It seems inevitable that someone will create a lifestreaming hub for your personal activity data that allows you to capture and own your data (either before or after it is published). Here’s a collection of thoughts that have been bubbling in my brain for a while.
- Tracking numerical stats about yourself (weight, steps) can create a positive reinforcing effect.
- Sensors are necessary to track the data nearly automatically (too much effort for humans to enter it).
- Gamification can provide a small boost, but mostly it’s about making the metrics visible.
- Relatively little quantified self data needs or wants to be social. It’s personal. It’s best to compete against yourself.
- The primary reasons for sharing is to celebrate (“I just finished an 8 mile run”) or to have accountability (“Who wants to do the run with me”).
- It is almost always more convenient to let a company store and manage my data (tumblr beats wordpress, Twitter beats identica, Facebook beats diaspora).
- Pattern recognition applied to sensor data can identify some activities and some devices are more accurate than others.
- WordPress won the open source hosted blog battle by providing plugin architecture.
- As we get more sensors to track our well being, it will be harder for us to aggregate our own personal data.
- As we’ve seen with photos and documents, standard formats don’t come along very often.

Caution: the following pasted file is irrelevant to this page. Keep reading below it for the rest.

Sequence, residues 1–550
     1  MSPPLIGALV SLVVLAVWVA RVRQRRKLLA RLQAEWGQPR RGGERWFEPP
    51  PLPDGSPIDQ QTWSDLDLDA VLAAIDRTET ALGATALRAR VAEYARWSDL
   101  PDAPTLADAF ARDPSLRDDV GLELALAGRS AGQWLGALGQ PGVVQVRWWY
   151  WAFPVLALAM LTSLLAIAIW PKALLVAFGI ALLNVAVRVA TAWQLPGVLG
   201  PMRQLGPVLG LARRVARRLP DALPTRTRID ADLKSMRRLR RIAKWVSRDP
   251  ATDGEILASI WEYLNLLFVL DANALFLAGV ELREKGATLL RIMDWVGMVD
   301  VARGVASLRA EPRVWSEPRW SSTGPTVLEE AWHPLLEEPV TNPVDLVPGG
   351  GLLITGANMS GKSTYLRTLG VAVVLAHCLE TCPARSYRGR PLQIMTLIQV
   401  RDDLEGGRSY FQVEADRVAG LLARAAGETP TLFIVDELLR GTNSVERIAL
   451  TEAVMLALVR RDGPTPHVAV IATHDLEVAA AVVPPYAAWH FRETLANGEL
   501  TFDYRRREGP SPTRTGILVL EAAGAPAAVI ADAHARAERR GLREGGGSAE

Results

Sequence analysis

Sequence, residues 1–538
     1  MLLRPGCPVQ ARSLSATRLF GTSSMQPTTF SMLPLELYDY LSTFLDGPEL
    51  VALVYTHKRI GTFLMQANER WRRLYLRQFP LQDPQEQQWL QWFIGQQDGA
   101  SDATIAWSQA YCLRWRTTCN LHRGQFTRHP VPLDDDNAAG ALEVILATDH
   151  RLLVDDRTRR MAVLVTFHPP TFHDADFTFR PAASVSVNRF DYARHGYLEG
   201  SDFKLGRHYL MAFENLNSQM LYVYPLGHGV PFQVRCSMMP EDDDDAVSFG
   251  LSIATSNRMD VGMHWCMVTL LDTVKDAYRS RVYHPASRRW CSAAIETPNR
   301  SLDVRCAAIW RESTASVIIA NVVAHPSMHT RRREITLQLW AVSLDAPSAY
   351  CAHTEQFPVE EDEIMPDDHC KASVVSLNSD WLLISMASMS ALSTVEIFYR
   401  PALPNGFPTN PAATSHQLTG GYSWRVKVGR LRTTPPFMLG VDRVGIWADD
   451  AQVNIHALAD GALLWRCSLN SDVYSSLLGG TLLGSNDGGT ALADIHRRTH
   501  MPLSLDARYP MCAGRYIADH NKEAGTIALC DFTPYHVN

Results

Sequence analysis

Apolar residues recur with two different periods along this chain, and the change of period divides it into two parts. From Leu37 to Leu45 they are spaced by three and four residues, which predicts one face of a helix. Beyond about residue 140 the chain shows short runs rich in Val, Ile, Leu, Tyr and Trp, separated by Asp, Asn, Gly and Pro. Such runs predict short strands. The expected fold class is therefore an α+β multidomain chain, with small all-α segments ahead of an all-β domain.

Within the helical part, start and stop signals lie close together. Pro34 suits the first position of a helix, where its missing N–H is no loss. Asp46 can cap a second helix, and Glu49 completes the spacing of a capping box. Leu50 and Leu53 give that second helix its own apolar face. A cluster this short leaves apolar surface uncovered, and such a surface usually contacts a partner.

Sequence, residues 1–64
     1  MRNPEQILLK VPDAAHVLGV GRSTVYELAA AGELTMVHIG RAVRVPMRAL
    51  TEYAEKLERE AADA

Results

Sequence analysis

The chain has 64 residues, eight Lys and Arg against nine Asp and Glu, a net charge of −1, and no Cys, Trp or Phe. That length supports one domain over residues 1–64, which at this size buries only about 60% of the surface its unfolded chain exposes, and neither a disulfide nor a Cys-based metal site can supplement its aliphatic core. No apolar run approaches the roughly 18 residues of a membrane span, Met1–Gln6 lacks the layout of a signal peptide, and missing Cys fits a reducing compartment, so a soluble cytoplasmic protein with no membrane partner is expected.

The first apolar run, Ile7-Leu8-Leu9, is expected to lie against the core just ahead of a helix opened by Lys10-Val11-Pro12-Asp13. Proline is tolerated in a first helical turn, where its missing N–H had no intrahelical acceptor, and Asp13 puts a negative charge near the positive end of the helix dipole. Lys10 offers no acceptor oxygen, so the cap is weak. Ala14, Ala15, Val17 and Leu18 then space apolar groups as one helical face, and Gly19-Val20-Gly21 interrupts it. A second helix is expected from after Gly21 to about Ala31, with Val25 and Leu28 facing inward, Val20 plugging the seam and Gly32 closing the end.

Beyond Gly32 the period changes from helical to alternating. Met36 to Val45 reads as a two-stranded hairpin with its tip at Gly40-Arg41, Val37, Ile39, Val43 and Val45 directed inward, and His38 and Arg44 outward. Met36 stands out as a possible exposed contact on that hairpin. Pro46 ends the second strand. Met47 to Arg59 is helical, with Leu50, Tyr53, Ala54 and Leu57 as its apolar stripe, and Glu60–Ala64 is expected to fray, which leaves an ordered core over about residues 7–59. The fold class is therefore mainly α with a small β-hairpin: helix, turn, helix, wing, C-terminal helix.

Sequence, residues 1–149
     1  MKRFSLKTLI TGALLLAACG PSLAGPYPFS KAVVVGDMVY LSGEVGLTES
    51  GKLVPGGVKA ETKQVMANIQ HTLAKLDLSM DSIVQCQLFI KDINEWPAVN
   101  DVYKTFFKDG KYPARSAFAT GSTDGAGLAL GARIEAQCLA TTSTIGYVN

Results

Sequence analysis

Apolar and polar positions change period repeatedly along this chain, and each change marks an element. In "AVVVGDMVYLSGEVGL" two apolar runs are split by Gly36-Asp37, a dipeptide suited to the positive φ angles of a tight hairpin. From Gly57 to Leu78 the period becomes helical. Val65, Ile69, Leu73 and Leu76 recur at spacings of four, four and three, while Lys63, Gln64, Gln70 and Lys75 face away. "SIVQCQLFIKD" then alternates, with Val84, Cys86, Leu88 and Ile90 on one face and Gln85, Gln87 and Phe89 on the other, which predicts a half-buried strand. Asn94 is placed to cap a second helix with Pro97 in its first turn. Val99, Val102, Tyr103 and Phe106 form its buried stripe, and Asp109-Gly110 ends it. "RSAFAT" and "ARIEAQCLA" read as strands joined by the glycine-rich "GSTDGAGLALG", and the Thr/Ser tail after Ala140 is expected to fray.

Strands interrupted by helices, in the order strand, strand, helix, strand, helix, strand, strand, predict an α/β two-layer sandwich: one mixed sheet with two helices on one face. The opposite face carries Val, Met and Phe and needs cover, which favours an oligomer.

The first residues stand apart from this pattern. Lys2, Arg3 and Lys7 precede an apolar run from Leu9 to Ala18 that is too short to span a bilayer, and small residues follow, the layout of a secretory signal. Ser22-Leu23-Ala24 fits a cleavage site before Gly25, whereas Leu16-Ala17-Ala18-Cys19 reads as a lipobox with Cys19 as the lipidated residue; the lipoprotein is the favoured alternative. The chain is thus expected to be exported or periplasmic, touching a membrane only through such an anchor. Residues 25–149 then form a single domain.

- Corporations often limit access to data collected by their applications (Twitter, Nike)
- Getting and keeping our own copy of our data (backup) is difficult.
- Installing and maintaining your own server is difficult (DNS, security updates, hosting)
- There are not many human wearable sensors with enough battery life, but they are rapidly improving.
Solutions (some ideas)
- Create a SoundHound for phone sensor data (accelerometer, gyroscope) that can learn and identify physical activities during a sensor recording session.
- Lifestream aggregator applications (path, Everymove, pubwhich, rebelmouse, thinkup, busterbenson.com)
- Personal data and status-update hub. Despite its difficulties in update and installation, WordPress rose to prominence because 1) Everybody needs a web site. 2) The specification for serving a blog was simple. 2) it supported plugins. 3) It was open source. Also, it was relatively simple, and it was built for an existing fan base. A push-button domain name (or CNAME) configuration and application install may be necessary – even for those that want to host their own data.